Timing is everything in life, and so it is in journalism. I had the good fortune of becoming a fashion writer in 1986, when the industry was still dominated by privately owned houses founded by extraordinarily tough but generous individuals — men like Yves Saint Laurent and his lifelong business partner Pierre Bergé; Valentino; Giancarlo Giammetti; and Oscar de la Renta. There was a second ring of designers whom I adored, and relied on for gossip and insight, like my friend Fernando Sánchez; and there were the editors who were a school unto themselves — no one more so than the late John Fairchild, whose family owned and ran Women’s Wear Daily during the prime fashion decades of the 20th century. I never worked for John, but we became friends later, after he had retired.
Because these people were part of my development as a fashion writer, it doesn’t take much for a memory to be triggered, and then out rushes a whole series of them. But here I want to tell just one story, about Bergé, . It not only illustrates an aspect of his personality perhaps not addressed in the tributes to him, but it also spotlights a crucial difference in journalism and the fashion world between then and now.
In 1999, Adam Moss, then the editor of the New York Times Magazine, asked if I would write . He and Bergé were selling the ready-to-wear and fragrance portions of their business to Gucci Group, while retaining the infinitesimal haute-couture house for themselves. It was one of those watersheds in fashion; Gucci and LVMH were battling for supremacy, acquiring old houses, and with Tom Ford’s star power at its absolute zenith, the media focus was on him and Gucci, leaving those two old Paris lions deeply in the shadows.
I rang Bergé at his office in the Avenue Marceau and proposed the story. I didn’t know him all that well — we had met two or three times — but he agreed immediately. That generation of designers was extremely competitive, so the idea of stealing back some of the limelight was probably attractive, and of course, it was another chance to perform the role Bergé had played for four decades: protecting Yves and their legacy. Plus, as everyone knew, he hated Ford.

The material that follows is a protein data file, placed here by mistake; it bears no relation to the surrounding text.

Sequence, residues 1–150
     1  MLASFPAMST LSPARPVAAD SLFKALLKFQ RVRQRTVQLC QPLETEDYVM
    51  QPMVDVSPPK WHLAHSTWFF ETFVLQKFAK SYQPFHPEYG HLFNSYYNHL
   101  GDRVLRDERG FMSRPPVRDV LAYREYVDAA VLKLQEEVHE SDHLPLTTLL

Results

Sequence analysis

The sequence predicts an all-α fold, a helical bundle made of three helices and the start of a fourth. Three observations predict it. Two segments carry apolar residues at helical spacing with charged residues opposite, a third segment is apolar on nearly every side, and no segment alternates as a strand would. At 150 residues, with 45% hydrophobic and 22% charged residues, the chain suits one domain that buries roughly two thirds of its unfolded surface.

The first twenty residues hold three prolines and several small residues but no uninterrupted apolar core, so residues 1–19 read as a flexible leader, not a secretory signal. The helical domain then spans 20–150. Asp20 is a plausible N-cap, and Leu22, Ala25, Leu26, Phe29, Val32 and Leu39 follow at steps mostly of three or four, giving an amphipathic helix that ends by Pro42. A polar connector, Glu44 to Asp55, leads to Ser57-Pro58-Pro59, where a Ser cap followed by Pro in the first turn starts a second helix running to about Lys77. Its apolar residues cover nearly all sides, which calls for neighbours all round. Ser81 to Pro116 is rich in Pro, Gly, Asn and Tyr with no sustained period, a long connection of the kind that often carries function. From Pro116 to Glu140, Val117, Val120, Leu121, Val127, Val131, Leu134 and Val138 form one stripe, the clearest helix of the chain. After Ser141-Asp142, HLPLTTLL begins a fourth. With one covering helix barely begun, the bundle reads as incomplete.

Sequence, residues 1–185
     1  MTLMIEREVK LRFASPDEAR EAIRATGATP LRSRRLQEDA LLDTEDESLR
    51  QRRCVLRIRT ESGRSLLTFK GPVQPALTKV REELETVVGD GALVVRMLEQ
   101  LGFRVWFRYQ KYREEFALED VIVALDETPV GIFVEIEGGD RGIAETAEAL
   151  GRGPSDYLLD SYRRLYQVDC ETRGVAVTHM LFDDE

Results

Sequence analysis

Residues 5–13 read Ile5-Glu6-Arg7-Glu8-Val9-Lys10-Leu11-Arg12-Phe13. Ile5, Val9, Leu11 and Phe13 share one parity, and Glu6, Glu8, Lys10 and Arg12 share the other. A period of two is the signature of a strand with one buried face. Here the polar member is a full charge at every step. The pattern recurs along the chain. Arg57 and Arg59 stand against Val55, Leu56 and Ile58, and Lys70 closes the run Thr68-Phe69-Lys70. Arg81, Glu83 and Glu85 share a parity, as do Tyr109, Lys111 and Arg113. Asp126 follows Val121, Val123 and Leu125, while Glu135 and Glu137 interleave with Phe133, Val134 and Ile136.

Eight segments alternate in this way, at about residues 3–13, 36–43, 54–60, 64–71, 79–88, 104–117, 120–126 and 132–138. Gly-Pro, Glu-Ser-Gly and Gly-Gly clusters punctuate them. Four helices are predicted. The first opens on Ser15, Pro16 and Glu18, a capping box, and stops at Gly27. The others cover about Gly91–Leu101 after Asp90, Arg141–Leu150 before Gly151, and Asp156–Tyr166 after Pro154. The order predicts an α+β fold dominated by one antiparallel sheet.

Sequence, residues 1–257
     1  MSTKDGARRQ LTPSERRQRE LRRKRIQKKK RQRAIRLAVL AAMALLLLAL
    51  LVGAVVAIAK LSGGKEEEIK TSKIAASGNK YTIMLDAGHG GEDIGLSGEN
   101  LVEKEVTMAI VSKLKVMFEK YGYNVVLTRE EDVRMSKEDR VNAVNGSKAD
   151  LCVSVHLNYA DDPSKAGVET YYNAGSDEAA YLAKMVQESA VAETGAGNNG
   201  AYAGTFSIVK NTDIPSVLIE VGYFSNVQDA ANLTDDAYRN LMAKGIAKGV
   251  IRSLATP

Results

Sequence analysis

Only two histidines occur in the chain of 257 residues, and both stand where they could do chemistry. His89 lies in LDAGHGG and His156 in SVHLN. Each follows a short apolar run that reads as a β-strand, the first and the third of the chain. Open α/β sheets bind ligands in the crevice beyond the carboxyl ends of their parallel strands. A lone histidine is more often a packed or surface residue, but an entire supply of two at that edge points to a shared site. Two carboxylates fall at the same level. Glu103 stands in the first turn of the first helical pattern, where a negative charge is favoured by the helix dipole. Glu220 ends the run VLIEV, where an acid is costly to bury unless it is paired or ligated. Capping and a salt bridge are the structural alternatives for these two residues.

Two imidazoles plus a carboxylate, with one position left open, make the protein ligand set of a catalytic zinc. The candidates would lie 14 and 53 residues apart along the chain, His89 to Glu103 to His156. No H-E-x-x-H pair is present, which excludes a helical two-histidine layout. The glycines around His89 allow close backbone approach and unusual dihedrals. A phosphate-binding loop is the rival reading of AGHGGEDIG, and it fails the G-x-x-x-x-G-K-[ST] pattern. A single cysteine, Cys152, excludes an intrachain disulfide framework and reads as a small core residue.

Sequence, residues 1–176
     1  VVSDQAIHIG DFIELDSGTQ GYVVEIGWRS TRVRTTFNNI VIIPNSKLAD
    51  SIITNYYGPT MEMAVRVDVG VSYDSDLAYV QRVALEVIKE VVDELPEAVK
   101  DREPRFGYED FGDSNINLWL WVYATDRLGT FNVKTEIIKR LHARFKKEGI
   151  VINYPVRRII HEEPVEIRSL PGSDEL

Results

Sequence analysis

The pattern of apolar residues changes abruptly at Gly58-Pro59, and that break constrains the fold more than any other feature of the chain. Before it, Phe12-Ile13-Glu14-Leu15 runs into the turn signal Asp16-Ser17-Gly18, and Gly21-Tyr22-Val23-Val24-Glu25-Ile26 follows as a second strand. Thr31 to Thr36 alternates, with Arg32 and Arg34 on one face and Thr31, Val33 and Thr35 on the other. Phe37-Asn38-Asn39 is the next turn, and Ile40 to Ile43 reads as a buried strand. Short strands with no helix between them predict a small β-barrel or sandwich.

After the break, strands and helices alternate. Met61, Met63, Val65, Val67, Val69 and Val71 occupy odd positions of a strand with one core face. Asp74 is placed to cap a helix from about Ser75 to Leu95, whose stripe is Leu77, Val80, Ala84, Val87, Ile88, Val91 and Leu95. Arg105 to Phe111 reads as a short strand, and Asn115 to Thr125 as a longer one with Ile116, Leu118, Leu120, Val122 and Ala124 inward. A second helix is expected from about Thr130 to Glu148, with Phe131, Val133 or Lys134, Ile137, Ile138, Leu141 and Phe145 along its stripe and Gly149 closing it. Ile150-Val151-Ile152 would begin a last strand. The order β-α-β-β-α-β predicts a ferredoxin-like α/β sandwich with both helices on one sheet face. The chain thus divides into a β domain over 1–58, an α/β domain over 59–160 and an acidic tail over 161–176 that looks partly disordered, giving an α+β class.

Bergé told me I could have carte-blanche access to Yves and all their friends. Not only did I spend unfettered time with Yves at his home on the Rue de Babylone, with its jaw-dropping living room filled with masterpieces — a Goya, Picassos, Matisses, etc. — and Jean-Michel Frank furniture, but I also spent time with most of the members of the Saint Laurent entourage: Betty Catroux; Loulou de la Falaise and her husband, Thadee Klossowski; Madison Cox; and Fernando. I also interviewed Karl Lagerfeld in a long, wonderful, late-night session on the terrace of his house in Biarritz. That was the only time, as far as I know, that Lagerfeld spoke publicly about his great friend Jacques de Bascher, and Bascher’s relationship with Saint Laurent, which many in the Saint Laurent circle viewed as destructive.
I had the time of my life, and I got a great story — thanks to Bergé. He simply was not afraid of what I would hear. Well, why would he be? He had seen everything with Yves, who could be incredibly destructive, ingesting everything — including 150 Peter Stuyvesant cigarettes a day (a fact supplied by Bergé). He also knew that Yves’s tremendous willpower, his sensitivities and his terrors, were elemental to his genius, and were part of what separated him from Ford. So he wanted me to see and hear everything.
I remember sitting with Fernando one night in the kitchen of his fabulous apartment in New York (it had a ballroom) as he explained these two complicated, forever entwined men. He told me it was not true, as many then believed, that Bergé controlled Yves; they were accomplices. “They will die with their hands on the other’s throat,” Fernando said. “They would like to be each other’s victim, but there is no victim here — and I would tell it to their faces: ‘You’re both monsters.’”
Today, the fashion business is so controlling and fearful that journalists are almost never given that kind of access anymore. Yves didn’t ask for photo approval; he sat for his portrait at home, and that was that. When the piece was fact-checked, Bergé didn’t ask for one thing to be changed. I saw him quite often after that, sometimes at the Café de Flore — he sat just inside the main door to the left — and he was always friendly, if not overly warm, toward me. I felt strangely that I owed him something, but of course I did not. It was just old-fashioned, professional respect that we had in common and, I like to think, enjoyed.